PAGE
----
a211101.pdf - AGARD-CP-438 U 0D No.438 AGARD CONFERENCE PROCEEDINGS PIZ Fluid Dynamics of Three-Dimensional Turbulent Shear Flows and Transition SJUN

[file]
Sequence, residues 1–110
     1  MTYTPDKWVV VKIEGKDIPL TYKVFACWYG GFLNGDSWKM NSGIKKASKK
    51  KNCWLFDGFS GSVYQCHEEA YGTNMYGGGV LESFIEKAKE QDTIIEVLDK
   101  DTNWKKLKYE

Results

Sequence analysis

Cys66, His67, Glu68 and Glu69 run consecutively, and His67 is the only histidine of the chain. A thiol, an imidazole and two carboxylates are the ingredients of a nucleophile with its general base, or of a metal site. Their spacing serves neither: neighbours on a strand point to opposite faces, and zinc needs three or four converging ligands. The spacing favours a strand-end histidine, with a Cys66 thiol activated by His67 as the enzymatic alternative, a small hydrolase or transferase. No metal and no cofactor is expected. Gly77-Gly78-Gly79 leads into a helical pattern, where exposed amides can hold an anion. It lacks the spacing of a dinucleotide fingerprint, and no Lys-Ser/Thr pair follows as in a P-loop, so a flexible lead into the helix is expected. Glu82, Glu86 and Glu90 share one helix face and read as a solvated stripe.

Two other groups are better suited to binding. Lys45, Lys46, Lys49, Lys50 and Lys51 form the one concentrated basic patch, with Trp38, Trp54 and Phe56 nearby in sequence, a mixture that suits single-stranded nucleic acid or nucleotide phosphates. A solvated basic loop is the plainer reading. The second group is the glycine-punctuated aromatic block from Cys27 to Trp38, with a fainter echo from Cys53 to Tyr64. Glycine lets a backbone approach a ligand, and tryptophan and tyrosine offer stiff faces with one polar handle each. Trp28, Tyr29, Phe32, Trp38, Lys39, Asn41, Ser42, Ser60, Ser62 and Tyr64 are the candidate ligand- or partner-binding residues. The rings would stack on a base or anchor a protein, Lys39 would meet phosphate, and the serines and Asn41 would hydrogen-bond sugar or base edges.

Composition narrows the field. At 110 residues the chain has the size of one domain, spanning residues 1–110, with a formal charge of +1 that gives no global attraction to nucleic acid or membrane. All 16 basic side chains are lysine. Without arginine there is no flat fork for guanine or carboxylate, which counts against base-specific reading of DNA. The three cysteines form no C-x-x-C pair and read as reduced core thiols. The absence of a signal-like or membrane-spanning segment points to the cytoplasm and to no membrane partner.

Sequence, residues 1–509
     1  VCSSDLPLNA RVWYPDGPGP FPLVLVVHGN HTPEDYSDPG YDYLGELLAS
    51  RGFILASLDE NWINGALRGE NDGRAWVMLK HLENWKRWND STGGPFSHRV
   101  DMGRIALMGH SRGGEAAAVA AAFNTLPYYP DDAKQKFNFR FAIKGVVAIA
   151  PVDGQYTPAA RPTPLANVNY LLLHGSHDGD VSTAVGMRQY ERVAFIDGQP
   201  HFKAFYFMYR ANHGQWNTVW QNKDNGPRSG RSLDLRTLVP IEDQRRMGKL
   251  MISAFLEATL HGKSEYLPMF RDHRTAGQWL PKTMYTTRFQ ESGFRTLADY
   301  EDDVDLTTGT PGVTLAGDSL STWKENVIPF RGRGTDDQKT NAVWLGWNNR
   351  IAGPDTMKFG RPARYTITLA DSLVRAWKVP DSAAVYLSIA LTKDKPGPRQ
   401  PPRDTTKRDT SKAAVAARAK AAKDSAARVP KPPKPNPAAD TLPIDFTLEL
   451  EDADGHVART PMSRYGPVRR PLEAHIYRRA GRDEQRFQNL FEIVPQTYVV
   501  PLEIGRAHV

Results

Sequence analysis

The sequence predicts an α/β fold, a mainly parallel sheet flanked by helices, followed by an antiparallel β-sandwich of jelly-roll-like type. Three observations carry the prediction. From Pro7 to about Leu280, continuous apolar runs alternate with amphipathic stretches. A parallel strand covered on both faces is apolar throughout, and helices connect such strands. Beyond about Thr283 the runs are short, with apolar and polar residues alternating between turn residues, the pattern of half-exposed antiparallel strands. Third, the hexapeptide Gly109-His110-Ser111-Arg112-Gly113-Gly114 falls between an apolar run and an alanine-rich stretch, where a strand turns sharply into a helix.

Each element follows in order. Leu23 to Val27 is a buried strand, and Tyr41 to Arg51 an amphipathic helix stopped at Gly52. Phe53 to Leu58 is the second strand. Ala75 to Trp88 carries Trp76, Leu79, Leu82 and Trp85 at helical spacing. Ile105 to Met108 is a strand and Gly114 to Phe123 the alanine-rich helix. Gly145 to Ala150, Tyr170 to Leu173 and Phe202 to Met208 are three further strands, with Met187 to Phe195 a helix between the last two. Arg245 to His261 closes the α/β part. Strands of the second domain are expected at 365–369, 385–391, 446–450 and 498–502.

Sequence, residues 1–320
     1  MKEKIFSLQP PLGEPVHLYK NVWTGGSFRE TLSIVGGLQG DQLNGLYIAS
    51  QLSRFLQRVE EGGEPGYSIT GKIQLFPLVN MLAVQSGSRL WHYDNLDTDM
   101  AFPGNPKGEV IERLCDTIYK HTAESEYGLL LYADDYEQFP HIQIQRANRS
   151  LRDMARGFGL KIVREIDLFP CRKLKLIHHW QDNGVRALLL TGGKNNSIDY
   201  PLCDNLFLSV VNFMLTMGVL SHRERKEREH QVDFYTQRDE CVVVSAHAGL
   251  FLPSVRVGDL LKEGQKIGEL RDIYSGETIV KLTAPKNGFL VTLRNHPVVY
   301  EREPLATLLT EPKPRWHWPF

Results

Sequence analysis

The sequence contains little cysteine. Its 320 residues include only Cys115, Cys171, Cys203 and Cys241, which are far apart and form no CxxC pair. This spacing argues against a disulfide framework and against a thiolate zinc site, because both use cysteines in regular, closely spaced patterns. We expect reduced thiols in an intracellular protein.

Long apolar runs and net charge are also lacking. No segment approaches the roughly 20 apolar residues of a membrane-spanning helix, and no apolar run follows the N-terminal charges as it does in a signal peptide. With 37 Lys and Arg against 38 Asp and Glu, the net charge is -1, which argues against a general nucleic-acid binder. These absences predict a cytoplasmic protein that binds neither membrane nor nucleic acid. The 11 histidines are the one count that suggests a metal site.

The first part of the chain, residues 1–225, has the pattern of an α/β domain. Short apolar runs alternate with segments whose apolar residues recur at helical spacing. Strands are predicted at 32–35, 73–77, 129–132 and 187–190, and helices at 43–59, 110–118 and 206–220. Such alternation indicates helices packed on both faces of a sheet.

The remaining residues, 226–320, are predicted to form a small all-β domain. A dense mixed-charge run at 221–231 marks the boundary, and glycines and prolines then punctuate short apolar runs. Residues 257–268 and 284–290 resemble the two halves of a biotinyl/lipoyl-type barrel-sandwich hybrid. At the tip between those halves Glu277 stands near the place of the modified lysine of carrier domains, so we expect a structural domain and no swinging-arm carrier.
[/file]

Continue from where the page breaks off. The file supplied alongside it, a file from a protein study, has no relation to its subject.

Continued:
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Unformatted text preview: AGARD-CP-438 U 0D No.438 AGARD CONFERENCE PROCEEDINGS PIZ Fluid Dynamics of Three-Dimensional Turbulent Shear Flows and Transition SJUN DTIC ELECTE 26 1989 -. TFSAE~ o DISTRIBUTION AND AVAILABILITY ON BACK COVER A lA AGARD-CP-438 NORTH ATLANTIC" TREATY ORGANIZATION ADVISORY GROUP FOR AEROSPACE RESEARCH AND DEVELOPMENT (ORGANISATION DU TRAITE DE LATLANTIQUE NORD) AGARD Conference Proceedings No.438 FLUID DYNAMICS OF THREE-DIMENSIONAL TURBULENT SHEAR FLOWS AND TRANSITION OTIC p EIN Accesion For d NT'S GiC c CTRA&I TAB Jut 5tf'CdI.,'i By D t'ibbtbo', Avd'ibifity Codes Dist - =...,.. a..,. ,.,ml i ii ill ., i • I ill ,; SAviil jodjo'r o uca III Papers presented and discussions heid ,it tiw Symposium of the Fluid Dynamics Panel in 4eqme, Turkey, 3-6 October 1988. p THE MISSION OF AGARD According to its (harter, the mission of AGARD is to bring together the leading personalities of the NATO nations in the fields of science and tcchnoli g relating to aerospace for the following purposes: - Recornmnndin- effective was for the member nations to use their research and development capabilities for the common benefit of the NATO community; - Providing scientific and technical advice and assistance to the Military Committee in the field of aerospace research and dexclopmcnt (with particular regard to its military application); - Continuously stimulating advances in the aerospace sciences relevant to strengthening the common defence posture; - Improving tile co-operation aniong member nations in aerospace research and development; - Exchange of scientific and technical information; - Providing as.,istance to member nati,)ns for the purpose of increasing their scientific and technical potential; - Rendering scientific and technical assistance, as requested, to other NATO bodies and to member nations in connection with research and development problems in the aerospace field. The highest authority within AGARD is the National Delegates Board consisting of officially appointed senior representatives from each member nation. The mission ol AGARD is carried out through the Panels which are composed of experts appointed by the National Delegates. the Consultant .nd Exchange Programme and the Aerospace Applications Studies Programme. The results of AGARD work are reported to the member nations and the NATO Authorities through the AGARD series of puflications of which this is one. Participation in AGARD activities is by invitation only and is normally limited to citizens of the NATO nations. The content of this publication has been reproduced directly from material supplied by AGARD or the authors. Published April 1989 Copyright © AGARD 1989 All Rights Reserved ISBN 92-835-0502-6 Printed by Specialised Printing Services Limited 40 Chigwell Lane, Loughton, Essex IGIO 3TZ FOREW ORD The performance requirements of modern aircraft have intensified our need to understand and predict the characteristics of three dimensional shear flows, particularly attached and separated boundary layers. These characteristics differ in certain essentials from those of two dimensional flow, but hitherto our predictive methods for three dimensional flos have been simple extensions of those developed for two dimensional flows and involve the same empiricisms. However, it has become increasingly clear that we need additional inputs to reflect the special features of three dimensional flows if our prediction methods are to achieve the required accuracy. These special features stem from the presence of cross flows and streamwise vorticitv in three dimensional flows as well as spanwise variations of initial conditions. These have important effects on the transition process and on the growth, decay and stability of turbulence, with consequent effects on the characteristics of turbulent shear flows. The increasing interest in the control of turbulence structures to reduce skin friction needs to be widened to include the three dimensional factors. The aims of the Symposium were to determine the trends and achievements of current research activities in thesc areas and to highlight the problems on which future research should be focussed. Modern computing facilities and techniques have made it possible to explain the stability characteristics of laminar flow,s by direct solution of the time dependent Navier-Stokes equations, in addition to the more classical analytical approach of exploring the response to small perturbations. In recent years there has been increasing work along these lines, revealing important features of the transition process. The Symposium included seven sessions devoted to the topic of transition, and these sessions well representcd the turrent state ot tic art. The characteristics ot three dimensiona turbulent shear ftows were dealt with in five sessions, a reflection of the fact that here much more experimental work is needed, and the effort devoted to this difficult topic his not yet reached the level required. However, the Symposium has served to define the main areas calling for future research, and it should be very helpful in stimulating the work needed. Face aux sp&ifications des nouveaux adronefs nous avons de plus en plus besoin de comprendre et de prdvoir les caractdristiques des coulements de cisaillement tridimensionnels et des couches limites attachdes et ddcollkes en particulier. Bien que ces caractdristiques pr~sentent certaines diff&ences fondamentales par rapport celles des 6coulements bidimensionnels, les mrthodes jusqu'ici utilisdes pour leur prdvision ont consist6 en des simples extensions de celles ddveloppees pour les 6coulements bidimensionnels, avec les mmes empirismes. Or, il est de plus en plus 6vident que des 6l6ments complkmentaires. qui tiennent compte des caractdristiques spdcifiques des 6coulements tridimensionnels, sont ndcessaires pour atteindre le niveau de precision requis dans nos mdthodes de prevision. Ces caractdristiques sp&ifiques ont pour origine la presence d'6coulements transversaux et de tourbillons dans le sens du flux dans les 6coulements tridimensionnels, ainsi que des variations des conditions initiales dans le sens transversal. Ces phdnom~ncs ont des consequences importantes sur 1"Nvolution de la transition et sur l'volution de I'amortissement et la stabilitd des tourbillons; lesquelles influent i leur tour sur les caractdristiques des &coulements de cisaillement turbulents. A I'heure actuelle, la communaut6 scientifique manifeste de plus en plus d'int& t dans le contr6le des structures Aturbulence pour rduire les frottements de plan, mais ce domaine doit 6tre dlargi pour inclure les aspects tridimensionnels. Le symposium a eu pour objectif d'identifier les tendances gdndrales et les progr{s ralisds par les recherches en cours dans ces domaines et de mettre en 6vidence les probl{mes qui doivent tre abordds par les travaux de recherche futurs. Les moyens et les techniques informatiques d'aujourd'hui k rm,. ttent d'explorer les caractdristiques de la stabilit6 des 6coulements laminaires par la resolution directe des 6quations Na, Stokes instationnaires, en plus de I'approche analytique, qui consiste 6tudier la rdponse h des petites perturbations. De plus en plus d'6tudes ont &6 consacrees a ces questions au cours des dernii:re anndes, avec pour rdsultat la ddcouverte de plusleurs caractdristiques importantes du processus de transition. Le symposium comprend sept sessions consacres a la transition, qui refletent bien N'ctat de l'art dans cc domaine. Les caractdristiques des coulements de cisaillement tridimensionnels turbulents sont traitdes en cinq sessions ce qui ddmontre la necessite de porter les efforts sur les travaux exp&imentaux et indique que les efforts consacrds i cette question difficile n'ont pas encore atteint Ie niveau souhaite. Ndanmoins, le symposium a servi h ddfinir les principales voies de recherche futures, et favorisera sans doute le ddclenchement des travaux en question. AGARD FLUID DYNAMICS PANEL Chairman: Mr D.H.Peckham Superintendent AE2 Division Royal Aerospace Establishment R141 Building Far:buo ugh. Hants G U 14 6TD United Kingdom Deputy Chairman: D~r W.J.McCroskey Senior Staff Scientist US Amy Aero Flightdynamics Directorate (AVSCOM) Ames Research Center N258-1I Moffett Field. CA 94305 United States PROGRAMME COMMITI'EE Professor A.D.Youngt (Co-Chairman) Dept. of Aeronautical Eng~ineering Queen Marv College Mile End Road London ElI 4NS. UK Professor E.Reshotko (Co-Chairman) Dept. of Mech. & Aerospace Engineering Case Western Reserve University Cleveland, Ohio 44106. USA Professor K.Gersten (Co-Chairman) Institut fur Thermo und Fluiddynamik Ruhr - Urnivcrsitat Bochum Postfach 18 2 1 4 D-4630 Bochum 1, FRG Professor D)r Ir. JI,. van Ingen Department of Aerospace Engineering Delft University of Technology Klulverwcg, I. Netherlands Professor Dr T.Ytrehus Institute of Mechanics The UniversitN of Trondheim N-7034 Trondheim-NTH-. Norway Professor Dr C.Cirav Aeronautical Eng. Department Middle East Technical University ln6nd Bulvari Ankara. Turkey Professor A.Roshko (MS 105-50) Dept. of Aeronautics California Institute of Technology Pasadena, California 911 25. USA M. l'Ing. en Chef B.Masure SICAN/'BA 26 Boulevard Victor 75996 Paris Arm~es, France Professor M.Onorato Dipartimento di Ingegneria Aeronautica c Politeenico di Torino C. so Duca degli Abruzzi 24 10 129 Torino, Italy PANEL EXECUTIVE Mail from Europe Mail fron, US and Canada: Mr M.C.Fischer AGARD/OTAN 7 rue Ancelle 92200 Neuilly sur Seine, France Tel. (1) 4738 5775 - Telex 610176 (France) Telefax (1) 4738-5799 AGARD/NATO Attn: FDP APO New York 09777 CONTENTS Page FOREWORD iii FLUID DYNAMIWS PANEL/PROGRAMME COMMITFEE iv Reference SESSION I - INVITED PAPER Chairman: E.Reshotko STABILITY AND TRANSITION OF THREE-DIMENSIONAL BOUNDARY LAYERS by W.S.Saric and H.L.Reed I SESSION i - LEADING EDGE EFFECTS ON TRANSITION Chairman: E.Reshotko EXPERIMENTAL INVESTIGATION OF ATTACHMENT-LINE TRANSITION IN LOW-SPEED HIGH-LIFT WIND-TUNNEL TESTING by B.C.Hardy 2 STABILITY OF A SUPERSONIC BOUNDARY LAYER ALONG A SWEPT LEADING EDGE by M.R.Malik and l.E.Beckwith 3 TRANSITION PAR CONTAMINATION DE BORD D'ATTAQUE EN ECOULEMENT HYPERSONIQUE par J.L. Da Costa, D.Aymer de la Chevalerie et T.Alziary de Roquefort 4 DIRECT NUMERICAL STUDY OF LEADING-EDGE CONTAMINATION by P.R.Spalart SESSION III - EFFECTS OF CROSS FLOW AND LONGITUDINAL VORTICES ON TRANSITION Chairman: J.L. van Ingen ETUDE DE LA TRANSITION ET DE LA CONTAMINATION DE BORD D'ATTAQUE SUR AILES EN FLECHE par D.Arnal et J.C.Juillen 6 NUMERICAL INVESTIGATION OF THE EFFECTS OF LONGITUDINAL VORTICES ON THE ONSET OF TRANSITION IN A FLAT PLATE BOUNDARY LAYER by U.Konzelmann, U.Rist and H.Fasel 7 GORTLER INSTABILITY ON AN AEROFOIL: COMPARISON OF MARCHING SOLUTION WITH EXPERIMENTAL OBSERVATIONS by V.Kalburgi, S.M.Mangalam and J.R.Dagenhart 8 THREE-DIMENSIONAL BOUNDARY LAYER TRANSITION ON A CONCAVE SURFACE by G.Leoutsakos and R.I.Crane 9 CURVATURE EFFECTS ON STABILITY OF THREE-DIMENSIONAL LAMINAR BOUNDARY LAYERS by F.S.Collier, Jr and M.R.Malik 10 THE THREE-DIMENSIONAL VORTEX SHEET STRUCTURE ON DELTA WINGS by M.V.Lowson II SESSION IV - 3-DIMENSIONAL TRANSITION - EXPERIMENTAL STUDIES Chairman: M.Onorato SIMULTANEOUS DETECTION OF SEPARATION AND TRANSITION IN SURFACE SHEAR LAYERS by S.M.Mangalam, J.P.Stack, and W.G.Sewali 12 Reference EXPERIMENTAL STUDY OF INSTABILITY MODES IN A THREE-DIMENSIONAL BOUNDARY LAYER by B.Miller and H.Bippes 13 SESSION V - 3-DIMENSIONAL TRANSITION - NUMERICAL STUDIES Chairman: K.Gersten BIFURCATIONS IN POISEUILLE FLOW AND WALL TURBULENCE by JJimenez 14 PRIMARY AND SECONDARY STABILITY ANALYSIS APPLIED TO THE DFVLR TRANSITION SWEPT-PLATE EXPERIMENT by T.M.Fischer and U.Dallmann 15 NUMERICAL INVESTIGATION OF TRANSITION IN 3D BOUNDARY LAYERS by F.Meyer and L.Kleiser 16 A THREE DIMENSIONAL LINEAR STABILITY APPROACH TO TRANSITION ON WINGS AT INCIDENCE by T.Cebeci, H.H.Chen and D.Arnal 17 SESSION VI - TRANSITION IN INTERNAL OR COMPLEX FLOWS Chairman: C.Ciray NUMERICALLY DETERMINED TRANSITION IN SEPARATED INTERNAL FLOW by J.H.Gerrard 18 RESOLUTION NUMERIQUE D'ECOULEMENTS TRIDIMENSIONNELS INSTATIONNAIRES: APPLICATION A DES PROBLEMES D'INSTABILITE par J.B.Cazalbou, P.Chassaing et H.Ha Minh 19 Paper 20 withdrawn SESSION VII - TURBULENT SHEAR FLOWS - EXPERIMENTAL STUDIES I Chairman: B.Masure A STUDY OF THE STRUCTURE OF HIGHLY SWEPT SHOCK WAVE TURBULENT BOUNDARY LAYER INTERACTIONS by S.M.Bogdonoff 21 SESSION VIII - INVITED PAPER Chairman: B.Masure CONTROLE ET MODIFICATION DE LA TURBULENCE par J.Cousteix, E.Coustols et D.Arnal 22 SESSION IX - TURBULENT SHEAR FLOWS - EXPERIMENTAL STUDIES 11 Chairman: Y.Ytrehus TURBULENCE MANAGEMENT - APPLICATION ASPECTS by E.H.Hirschel, P.Thiede and F.Monnoyer 23 TRAILING-EDGE SWEEP AND THREE-DIMENSIONAL VORTEX INTERACTIONS IN JETS AND MIXING LAYERS by V.Kibens, R.W.Wlezien, F.W.Roos and J.T.Kegelman 24 Reference SESSION X - INVITED PAPER Chairman: A.Roshko A EUROPEAN COLLABORATIVE INVESTIGATION OF THE THREE-DIMENSIONAL TURBULENT SHEAR LAYERS OF A SWEPT WING by B. van den Berg 25 SESSION XI - INVITED PAPER Chairman: A.Roshko TURBULENCE MODELLING OF THREE-DIMENSIONAL SHEAR FLOWS by B.E.Launder 26 SESSION XII - TURBULENT SHEAR FLOWS - NUMERICAL STUDIES Chairman: A. Roshko SIMULATIONS NUMERIQUES D'ECOULEMENTS TURBULENTS DE CANAL PLAN par K.Dang et V.Deschamps 27 SIMULATION NUMERIQUE DES STRUCTURES COHERENTES DANS UNE COUCHE DE MELANGE INCOMPRESSIBLE par M.Lesieur, P.Compte, X.Normand et Y.Fouillet 28 TECHNICAL EVALUATORS' REMARKS/ROUND TABLE DISCUSSION RTD I-1 STABILITY AND TRANSITION OF TIIREE-DIMENSIONAL BOUNDARY LAYERS William S. Saric and Helen L. Reed Mechanical and Aerospace Engineering Arizona State University Tempe, Arizona 85287-6106 USA SUMMARY The most recent efforts on the stability and transition of three-dimensional flows are reviewed. These include flows over swept wings, rotating disks, and attachment lines. The generic similarities of their stability bcha%ior is discussed. It is shown that the breakdown process is very complex, often leading to contradictory results. Particular attention is paid to opposing observations of stationary and traveling wave disturbances. 1. INTRODUCTION 1.1 Basic Ideas The process of the breakdown of a bounded laminar flow is three dimensional and may be described by the foilowing simplified discussion. Disturbances in the freestream, such as sound or vorticity, enter the boundary layer as steady and/or unsteady fluctuations of the basic state. This part of the process is called receptivity (Morkovin 1969, fI9 7 7 ) and although it is still not well understood, it provides the vital initial conditions of amplitude, frequency, and phase for the breakdown of laminar flow. Initially these disturbances may be too small to measure, and they are observed only after the onset of an instability. The type of instability that occurs depends on Reynolds number, wall curvature, sweep, roughness, and initial conditions. The initial growth of these disturbances is described by linear stability theory. This growth is weak, occurs over a viscous time scale (or long length), and can be modulated by pressure gradients, mass flow, temperature gradients, etc. As the amplitude grows, three-dimensional and noitlinear interactions occur in the form of secondary instabilities. Disturbance growth is very rapid in this case (now over a convective time scale), and breakdown to turbulence occurs. When considering boundary-layer flows it is important to emphasize that the understanding of the transition process will only come from the consideration of three-dimensional effects in the stability process even though the basic state may be one dimensional and the primary instability may be two dimensional. Moreover, the nature of transition is critically tied to the upstream initial conditions. The important features of this problem for one- and two-dimensional basic states have been recently reviewed by Tani (1981), Reshotko (1976, 1984a,b), Mack (1984), Arnal (1984), Herbert (1985, 1988), Singer ct al. (1986, 1987), and Saic (1985a,b, 1986). A renewed interest in problems of stability and transio iii swcpt-witg flou, l,,1, developed as a result of an emphasis on the design of energy efficient airfoils; see, for example, the early reprts of Pfenninger (1961, 1977a,b), Heftier & Bushnell (1977), Bushnell & Tuttle (1979), and Runyan & George-Falvy (1979) and the more recent reports of Ecklund & Williams (1981), Montoya et at. (1981), Harvey & Pride (1982), Pearce (1982a,b), Pearce et al. (1982), Tuttle & Maddalon (1982), Boeing Commercial Airplane Company (1982, 1984), Etchberger (1983), Hanks et al. (1983), Wagner & Fischer (1983, 1984), Douglas Aircraft Company (1984), Holmes (1984), Runyan al. (1984), Wagner et al. '19 ,. Rohhiv! er al. (1085), Braslow & Fischer (1985), Harvey et al. (1985), Hefner (1985), Holmes et al. (1985). Meyer & Jennett (1985), Thomas (1985), Waggoner et al. Ct (1985), Wagner et al. (1985), Redeker et al. (1986), Pfenninger et al. (1986, 1987, 1988), Goradia et al. (1987), Harvey (1987), and Korner et al. (1987), and Pfenninger & Vemuru (1988). These flows are three dimensional in nature and are, of course, subject to three-dimensional instabilities. As recent symposia and conferences have indicated, there is far more current interest in these problems than ever before. Therefore, the present paper concentrates on work in three-dimensional boundary layers and update the status of the new work in this area. 1.2 Three-Dimensional Boundary Layers A fully three-dimensional (3-D) boundary-layer flow exhibits instability behavior quite that is different from that of the corresponding two-dimensional (2-D) flow. Of particular interest are the stability characteristics of these 3-D flows where inviscid criteria may produce a stronger instability than the usual Tollmien-Schlichting waves. Examples of 3-D flows of practical interest include swept wings, rotating cones, comers, inlets, and rotating disks. It appears that these flows exhibit a rich variety of stability behavior that is generic to 3-D boundary layers. A consistent characteristic of the instabilities is the presence of streamwise vorticity within the shear layer. This streamwise structure produces a strong spanwise modulation of the basic state that gives rise to secondary instabilities. The reader should also see Kohama (1987a,b), who makes manv of the same points in his review of the subject. . . .. IL The tlov. over a ss ,-pt Wing is a coninon of instabilities that lead to transition- c xanipIc, of a 3-1) tndary layer. This [ type of 3-D flow issusceptible to four They are leading-edge instability and contamination, streamwise instability, cctanfugal instability, arid crossflow instabilitv. Leading-edge instability and contamination occurs along the attachment line and is associated either with a hasic i ,-;ihlity of the attachment-line fow or with turbulent disturbances that propagate along the wing leading edge (Pfenninger 1963a, Poll 1979, 1984, 1985, lall etal. 1984, 1lall & Malik 1086). Streamwise instability is associated with the chordwise component of flow and is quite similar to processes in 2-1) flows, where Tollmien-Schlichting (T-S) waves generally develop (Mack 1984). This usually occurs in zero or mild positive pressure-gradient regions on a wing. Centrifugal instabilities occur in the shear flow over a concave surface arid appear in the form of G;rtler vortices (Floryan & Saric 1982; flall 1983). However, Hall 1985) has conclusively shown that the G6rtler vortex instability is unimportant in the concave region of swept wings when the angle of sweep is large compared to Re la. This situation is easily realized in wings of moderate sweep and thus one Aould expect crossflow or T-S breakdown of the laminar flow. The excellent review papers of Mack (1984), Aral (1984, 1986). and Poll (1984) contain summaries of the earlier work. Mack ( 1984( is a monograph...